California by Edan Lepucki

Another strong book. This one’s set in a near to very near future, a very slouching apocalypse. In the background terrible things are happening (hinted at or alluded to throughout the book), and terrible things happened before. The heart of the book, though, is about small communities and withdrawal.

The two POV characters begin in the wilderness of a largely depopulated future. They begin well aligned, two against the world, struggling in primitive conditions and savoring the small victories. The world of the beginning is no Eden… except against the corrupted world revealed in flashbacks and (especially) going forward as they explore.

The ambiguity of the decline (which, especially at first, is presented as mostly a people give up and opt out future) keeps you invested in figuring out how the world went wrong. The obvious pieces, which show up in the politics of both the past and future, is a grasping withdrawal from the commons of the wealthy. A lot of the book pivots about memories of movements to fight back against that withdrawal and the complexities underlying even small villages.

I keep dancing around revealing the plot threads, though these are almost entirely just to keep track of what I’ve read. Long story short, this is a slow built complex feeling world. For such small communities, there’s a lot of tricky relations and histories to work through…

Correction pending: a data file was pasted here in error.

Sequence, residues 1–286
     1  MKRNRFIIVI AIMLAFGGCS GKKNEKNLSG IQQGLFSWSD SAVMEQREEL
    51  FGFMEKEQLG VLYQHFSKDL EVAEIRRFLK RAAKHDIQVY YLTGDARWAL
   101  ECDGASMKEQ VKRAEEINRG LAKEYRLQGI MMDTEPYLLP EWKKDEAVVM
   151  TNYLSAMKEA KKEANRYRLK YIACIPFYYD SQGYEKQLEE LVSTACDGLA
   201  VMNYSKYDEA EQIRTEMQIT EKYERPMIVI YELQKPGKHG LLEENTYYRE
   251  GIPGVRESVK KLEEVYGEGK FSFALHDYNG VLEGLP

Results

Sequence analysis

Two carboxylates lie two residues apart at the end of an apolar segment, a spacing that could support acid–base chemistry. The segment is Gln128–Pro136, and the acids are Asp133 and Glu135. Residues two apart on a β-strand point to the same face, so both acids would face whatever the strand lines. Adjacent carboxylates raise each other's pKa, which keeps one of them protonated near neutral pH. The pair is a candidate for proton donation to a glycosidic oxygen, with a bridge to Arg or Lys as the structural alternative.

Frieda and Calvin really work as authentic characters in a world that feels realistic–a future like “another couple of years down the wrong path…” The ebb and flow of the couple’s relationship and trust also rung true. Honestly well done, though bleak.

California Governance

This post talks about organizing a Constitutional Convention for our near ungovernable state. It’s interesting, and an even more dramatic proposal than my posts last year imagined (1, 2). [Reforming the legislature by dramatically amending it via ballot initiative.]

I agree it’s an appealing thought. I also suspect that as soon as they came together it would spiral out of control, with capture by existing interests and the forces of moderation preventing a substantial fix.

Since I scribbled down my original idea, I keep noticing editorials and articles talking about ungovernable California. Our current budget crisis isn’t unique– it happens during most recessions– but it is huge and stubbornly resistant to compromise. I wonder if smaller, less completely ideologically aligned districts would be a successful first step in correcting it.

California Legislature: Time for a bugfix?

Article 4 of the California Constitution is where the legislative branch is established.

I have been musing about the structural shortcomings of our state constitution for a long time. Every year, there is the “missed budget deadline” series of articles, because structurally the constitution sets the state up for gridlock.

Continue reading “California Legislature: Time for a bugfix?”